Having said that, let me add that I\'ve spent a considerable amount of time creating my own glossaries, both for personal use and for others to use. I don\'t sell them - they\'re freely available. When I originally set out to create these glossaries, I used a variety of resources, both in print and online, for both research and comparison. What I would find ethically questionable is copying the format and presentation of the original glossary/glossaries. Words, in and of themselves, are not copyrightable. If that were the case, kudoz itself would be liable, and we\'d all have to go out and buy the same One True Dictionary.



R.



I agree with you but for one point. According to the US copyright office:\"When is my work protected?

Your work is under copyright protection the moment it is created and fixed in a tangible form so that it is perceptible either directly or with the aid of a machine or device.\"



The author does not have to declare his job to own the copyright.



Personally, I would consider that the least one can do is to ask for the original author\'s consent.



If actual terminology work and research has been done, that\'s a different matter all toghether.

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mnamona
Egypt
Local time: 06:40
English to Arabic
+ ...
need advice May 2, 2003

thanks veronica for posting this issue

i have to translate 2000 business related entries form english into arabic and i was gonna to use the dictionaries available in addition to my effort , but i don\'t know to which limit i can use these dictionaries, so i won\'t be abusing the copyrights and the efforts of others.It is unfair when one excert his effort and others uses it without a limit, so would you advice me.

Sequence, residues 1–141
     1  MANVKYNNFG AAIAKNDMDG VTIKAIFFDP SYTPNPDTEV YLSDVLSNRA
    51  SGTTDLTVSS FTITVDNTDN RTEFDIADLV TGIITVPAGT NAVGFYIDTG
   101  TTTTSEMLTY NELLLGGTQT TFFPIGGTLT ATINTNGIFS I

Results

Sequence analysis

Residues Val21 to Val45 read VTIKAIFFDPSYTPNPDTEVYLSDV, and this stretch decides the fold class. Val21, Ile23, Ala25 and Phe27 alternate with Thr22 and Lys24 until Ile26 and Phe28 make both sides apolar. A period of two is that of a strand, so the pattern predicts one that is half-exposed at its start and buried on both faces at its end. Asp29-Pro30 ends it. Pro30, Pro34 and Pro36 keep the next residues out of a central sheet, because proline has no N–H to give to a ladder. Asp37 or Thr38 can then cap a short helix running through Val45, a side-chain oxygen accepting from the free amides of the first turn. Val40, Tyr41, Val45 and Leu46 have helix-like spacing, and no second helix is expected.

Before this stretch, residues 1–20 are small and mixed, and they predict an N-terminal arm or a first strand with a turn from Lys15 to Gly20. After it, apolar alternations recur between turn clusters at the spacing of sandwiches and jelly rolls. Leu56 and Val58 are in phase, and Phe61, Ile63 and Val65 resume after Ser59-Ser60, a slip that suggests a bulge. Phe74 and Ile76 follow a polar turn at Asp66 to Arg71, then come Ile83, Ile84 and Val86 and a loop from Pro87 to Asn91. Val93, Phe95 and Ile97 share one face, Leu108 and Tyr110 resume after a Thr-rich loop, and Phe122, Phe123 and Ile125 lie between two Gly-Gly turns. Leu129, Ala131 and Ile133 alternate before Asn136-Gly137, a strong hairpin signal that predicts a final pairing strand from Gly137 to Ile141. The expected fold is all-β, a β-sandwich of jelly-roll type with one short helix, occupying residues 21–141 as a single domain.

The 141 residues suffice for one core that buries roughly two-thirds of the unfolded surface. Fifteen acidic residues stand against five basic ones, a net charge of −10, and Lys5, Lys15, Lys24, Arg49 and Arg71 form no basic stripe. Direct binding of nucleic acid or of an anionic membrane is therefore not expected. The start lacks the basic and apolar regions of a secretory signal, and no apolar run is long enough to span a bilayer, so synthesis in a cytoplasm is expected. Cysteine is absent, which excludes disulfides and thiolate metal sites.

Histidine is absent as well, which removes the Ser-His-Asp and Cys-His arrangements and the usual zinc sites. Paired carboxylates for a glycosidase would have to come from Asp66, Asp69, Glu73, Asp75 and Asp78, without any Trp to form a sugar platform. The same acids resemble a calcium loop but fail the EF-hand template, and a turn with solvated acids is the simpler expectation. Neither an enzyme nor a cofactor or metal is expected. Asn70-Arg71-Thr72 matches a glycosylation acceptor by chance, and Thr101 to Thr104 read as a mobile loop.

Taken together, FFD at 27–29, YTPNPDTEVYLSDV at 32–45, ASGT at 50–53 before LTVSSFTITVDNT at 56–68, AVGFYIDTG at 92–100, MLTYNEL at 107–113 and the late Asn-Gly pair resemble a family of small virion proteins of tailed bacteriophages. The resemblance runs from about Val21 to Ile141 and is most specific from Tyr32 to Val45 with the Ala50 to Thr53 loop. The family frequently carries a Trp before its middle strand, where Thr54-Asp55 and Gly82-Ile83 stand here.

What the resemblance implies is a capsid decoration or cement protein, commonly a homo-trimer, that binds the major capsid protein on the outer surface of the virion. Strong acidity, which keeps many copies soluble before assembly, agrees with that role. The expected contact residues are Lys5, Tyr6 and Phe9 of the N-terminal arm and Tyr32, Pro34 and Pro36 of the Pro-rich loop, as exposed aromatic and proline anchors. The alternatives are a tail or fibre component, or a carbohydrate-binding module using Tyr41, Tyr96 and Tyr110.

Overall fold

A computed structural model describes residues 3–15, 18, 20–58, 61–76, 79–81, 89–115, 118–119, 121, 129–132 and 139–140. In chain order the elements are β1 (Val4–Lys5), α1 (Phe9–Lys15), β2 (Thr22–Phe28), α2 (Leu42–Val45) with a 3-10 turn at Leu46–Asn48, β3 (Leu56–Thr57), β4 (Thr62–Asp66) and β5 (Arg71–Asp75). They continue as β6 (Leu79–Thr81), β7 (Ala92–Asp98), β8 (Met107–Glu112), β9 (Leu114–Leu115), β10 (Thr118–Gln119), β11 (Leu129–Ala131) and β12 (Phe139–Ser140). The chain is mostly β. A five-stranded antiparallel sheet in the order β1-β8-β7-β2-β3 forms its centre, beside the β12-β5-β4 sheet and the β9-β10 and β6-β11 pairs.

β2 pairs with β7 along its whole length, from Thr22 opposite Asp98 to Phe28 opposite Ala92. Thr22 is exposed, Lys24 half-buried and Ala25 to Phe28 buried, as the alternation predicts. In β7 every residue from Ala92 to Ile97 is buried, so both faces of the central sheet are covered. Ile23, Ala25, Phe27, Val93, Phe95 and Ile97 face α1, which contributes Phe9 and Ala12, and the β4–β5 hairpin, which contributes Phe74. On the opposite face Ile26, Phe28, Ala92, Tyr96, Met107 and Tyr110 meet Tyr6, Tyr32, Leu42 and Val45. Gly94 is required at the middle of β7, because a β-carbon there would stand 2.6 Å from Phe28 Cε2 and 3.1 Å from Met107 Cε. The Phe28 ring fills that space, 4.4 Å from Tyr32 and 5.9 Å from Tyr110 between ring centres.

mnamona or inass


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Igor Zabuta
Ukraine
Local time: 06:40
English to Russian
+ ...
as fair as using a dictionaty for translation of a text May 28, 2003

mnamona wrote:

thanks veronica for posting this issue
i have to translate 2000 business related entries form english into arabic and i was gonna to use the dictionaries available in addition to my effort , but i don't know to which limit i can use these dictionaries, so i won't be abusing the copyrights and the efforts of others.It is unfair when one excert his effort and others uses it without a limit, so would you advice me.
mnamona or inass


IMHO, it is absolutely legal and fair to use any dictionaries in your case, without any constraint, as long as you use several of them and compile a new, more complete definition of a word and add at least a little of your own input. Words and their meaning belong to all people and a linguist can merely compile a dictionary, but not create it.
It is as fair as using any dictionaty for translation of a text... And I can't imagine any other approach...


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Igor Zabuta
Ukraine
Local time: 06:40
English to Russian
+ ...
No! May 28, 2003

Veronica Durbaca wrote:

I heared about such a glossary, and the team publishes it for commercial purpose among others.
Do you find this ethical?

Thanks a lot
Veronica


No. I am not a lawyer, but I consider this illegal. If a dictionary is copywrited, then there is no way to republish it, completely or partially. If it is in public domain (like e.g. OPTED), it should stay in public domain, i.e. cannot be used for commercial purposes, included in commercial products. Though in the letter case you can sell your formatting or more conveniet access to it (but not contents), as long as the user can access the dictionary in original format (e.g. plain text for OPTED)free of charge and proper credits are given to the creators.
Once more, it is only an opinion.